propagation delay


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propagation delay

[‚präp·ə′gā·shən di‚lā]
(electronics)
The time required for a signal to pass through a given complete operating circuit; it is generally of the order of nanoseconds, and is of extreme importance in computer circuits.

propagation delay

The time it takes to transmit a signal from one place to another. Propagation delay is dependent solely on distance and two thirds the speed of light. Signals going through a wire or fiber generally travel at two thirds the speed of light. Contrast with nodal processing delay.
References in periodicals archive ?
Reduces solution size and weight: Features the industry's fastest propagation delays at 15ns, faster rise and fall times at 7ns, allowing the system to switch efficiently at high frequencies.
Thus, the propagation delay can be reduced as shown in Equation 1:
Normally there is an option to place a PLL before the clock tree to achieve zero clock propagation delay through the clock network.
FIGURE 3b depicts in-out signals plus associated propagation delay (maximum delay between input and output signal changes) timing specification.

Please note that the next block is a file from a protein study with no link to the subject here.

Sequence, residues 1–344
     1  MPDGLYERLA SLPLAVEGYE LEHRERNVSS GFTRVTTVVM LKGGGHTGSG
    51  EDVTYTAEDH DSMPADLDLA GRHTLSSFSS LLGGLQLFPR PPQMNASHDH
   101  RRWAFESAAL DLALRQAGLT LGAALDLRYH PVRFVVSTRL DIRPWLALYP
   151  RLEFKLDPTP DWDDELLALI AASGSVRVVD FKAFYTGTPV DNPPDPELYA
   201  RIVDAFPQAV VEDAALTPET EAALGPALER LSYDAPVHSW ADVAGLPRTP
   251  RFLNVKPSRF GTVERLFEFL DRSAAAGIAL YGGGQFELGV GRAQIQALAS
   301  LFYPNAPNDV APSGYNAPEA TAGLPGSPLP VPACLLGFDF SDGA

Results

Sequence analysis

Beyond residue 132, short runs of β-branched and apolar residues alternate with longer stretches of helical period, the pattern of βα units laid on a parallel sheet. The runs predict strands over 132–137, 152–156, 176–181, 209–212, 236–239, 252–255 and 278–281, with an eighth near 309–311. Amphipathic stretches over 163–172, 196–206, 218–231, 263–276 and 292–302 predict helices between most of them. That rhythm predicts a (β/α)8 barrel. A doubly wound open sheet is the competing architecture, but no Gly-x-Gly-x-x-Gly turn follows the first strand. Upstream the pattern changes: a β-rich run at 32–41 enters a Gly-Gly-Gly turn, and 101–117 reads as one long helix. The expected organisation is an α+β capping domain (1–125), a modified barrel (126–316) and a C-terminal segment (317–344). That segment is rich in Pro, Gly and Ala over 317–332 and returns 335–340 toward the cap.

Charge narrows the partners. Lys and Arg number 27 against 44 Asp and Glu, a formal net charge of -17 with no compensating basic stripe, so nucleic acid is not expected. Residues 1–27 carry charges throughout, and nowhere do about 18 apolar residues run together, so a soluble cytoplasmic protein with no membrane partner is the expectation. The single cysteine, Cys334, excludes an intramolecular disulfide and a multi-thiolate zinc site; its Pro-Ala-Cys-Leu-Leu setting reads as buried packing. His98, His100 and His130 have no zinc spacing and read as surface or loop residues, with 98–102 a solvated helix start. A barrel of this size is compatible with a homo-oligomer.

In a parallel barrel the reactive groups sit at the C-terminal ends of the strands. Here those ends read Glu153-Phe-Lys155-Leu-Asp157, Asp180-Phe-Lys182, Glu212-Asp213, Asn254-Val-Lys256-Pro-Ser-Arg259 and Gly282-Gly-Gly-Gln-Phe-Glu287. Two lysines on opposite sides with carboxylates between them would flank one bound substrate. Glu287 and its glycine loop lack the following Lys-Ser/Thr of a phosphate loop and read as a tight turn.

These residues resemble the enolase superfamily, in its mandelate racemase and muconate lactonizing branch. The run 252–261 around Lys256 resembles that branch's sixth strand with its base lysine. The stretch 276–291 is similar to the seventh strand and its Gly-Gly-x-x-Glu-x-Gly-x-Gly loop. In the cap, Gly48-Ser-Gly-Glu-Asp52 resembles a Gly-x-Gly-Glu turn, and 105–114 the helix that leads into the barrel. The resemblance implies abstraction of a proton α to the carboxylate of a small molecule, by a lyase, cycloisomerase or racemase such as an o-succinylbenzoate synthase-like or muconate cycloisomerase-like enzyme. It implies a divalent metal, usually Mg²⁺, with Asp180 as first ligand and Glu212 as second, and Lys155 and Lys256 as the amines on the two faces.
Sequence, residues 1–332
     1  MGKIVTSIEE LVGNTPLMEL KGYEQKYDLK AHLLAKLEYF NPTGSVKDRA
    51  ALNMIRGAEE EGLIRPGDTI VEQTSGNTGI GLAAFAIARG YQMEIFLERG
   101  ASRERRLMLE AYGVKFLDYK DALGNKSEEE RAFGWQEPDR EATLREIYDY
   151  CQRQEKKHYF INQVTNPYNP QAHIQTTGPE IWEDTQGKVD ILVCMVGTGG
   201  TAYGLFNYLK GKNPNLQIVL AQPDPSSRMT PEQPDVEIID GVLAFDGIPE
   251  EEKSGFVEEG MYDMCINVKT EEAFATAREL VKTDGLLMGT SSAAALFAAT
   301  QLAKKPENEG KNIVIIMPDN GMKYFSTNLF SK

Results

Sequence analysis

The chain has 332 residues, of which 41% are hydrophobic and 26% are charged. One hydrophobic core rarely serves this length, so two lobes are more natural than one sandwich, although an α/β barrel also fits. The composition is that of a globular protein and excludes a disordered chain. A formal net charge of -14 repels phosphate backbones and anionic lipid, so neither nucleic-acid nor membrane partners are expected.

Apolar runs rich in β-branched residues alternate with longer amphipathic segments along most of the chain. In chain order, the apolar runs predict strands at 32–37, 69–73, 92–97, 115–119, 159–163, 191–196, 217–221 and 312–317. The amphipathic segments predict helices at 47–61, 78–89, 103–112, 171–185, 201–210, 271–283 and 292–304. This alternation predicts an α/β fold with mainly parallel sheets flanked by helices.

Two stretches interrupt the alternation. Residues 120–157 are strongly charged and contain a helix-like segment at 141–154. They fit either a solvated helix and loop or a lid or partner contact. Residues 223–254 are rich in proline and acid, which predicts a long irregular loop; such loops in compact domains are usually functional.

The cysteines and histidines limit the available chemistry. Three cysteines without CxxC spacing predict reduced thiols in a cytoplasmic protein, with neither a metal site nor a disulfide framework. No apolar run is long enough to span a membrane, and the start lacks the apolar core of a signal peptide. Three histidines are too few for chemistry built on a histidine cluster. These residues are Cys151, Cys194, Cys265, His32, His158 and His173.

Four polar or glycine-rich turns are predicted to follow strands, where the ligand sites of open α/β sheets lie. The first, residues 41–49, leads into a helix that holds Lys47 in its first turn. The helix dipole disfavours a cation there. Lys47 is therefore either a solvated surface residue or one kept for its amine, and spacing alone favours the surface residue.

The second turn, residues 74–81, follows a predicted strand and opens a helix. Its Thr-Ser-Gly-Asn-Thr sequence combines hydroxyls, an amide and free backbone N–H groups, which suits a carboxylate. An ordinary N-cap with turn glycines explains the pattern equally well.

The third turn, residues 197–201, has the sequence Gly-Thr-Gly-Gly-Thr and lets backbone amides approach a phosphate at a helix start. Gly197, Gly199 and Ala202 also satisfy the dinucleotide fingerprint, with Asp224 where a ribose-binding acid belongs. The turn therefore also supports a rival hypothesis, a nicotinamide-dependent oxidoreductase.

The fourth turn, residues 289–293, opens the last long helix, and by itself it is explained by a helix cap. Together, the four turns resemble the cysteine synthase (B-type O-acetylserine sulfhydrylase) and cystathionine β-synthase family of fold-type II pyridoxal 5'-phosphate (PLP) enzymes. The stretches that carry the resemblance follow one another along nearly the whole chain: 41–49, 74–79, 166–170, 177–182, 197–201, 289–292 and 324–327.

This technique allows more flexibility in total propagation delay along the bus, but introduces additional complexities.
8,976,060 -- RF Chirp Signal Propagation Delay Measurement -- This is the first patent supporting Digi's groundbreaking Punch2 Technology in the Digi XLR PRO family of RF radios and is the first of nine patents pending in connection with the product.
Traditional magnetic rotary position sensor ICs suffer from a propagation delay (typically 100-200os) as they convert raw measurements of magnetic field strength at their embedded magnetic elements into digital angle measurements.
A comparison of equations in Tables 1 and 2 reveals that the loaded or effective characteristics impedance (Zo') and propagation delay (Tpd') are related to the unloaded--also called intrinsic or natural--impedance (Zo) and propagation delay (Tpd) (1, 11) by:
Availability of dark fiber, network topology, link distance, signal propagation delay, Fibre Channel buffer credits and host applications tolerances to latency are among the items that storage networking engineers must consider.
Maximum propagation delay time is rated at 150ns, and maximum propagation delay skew at 80ns.
Maximum propagation delay time and propagation delay skew are guaranteed within the defined operation temperature range (up to 110 degrees Centigrade), making it possible to reduce dead time in the inverter circuit, which can secure higher operating efficiency.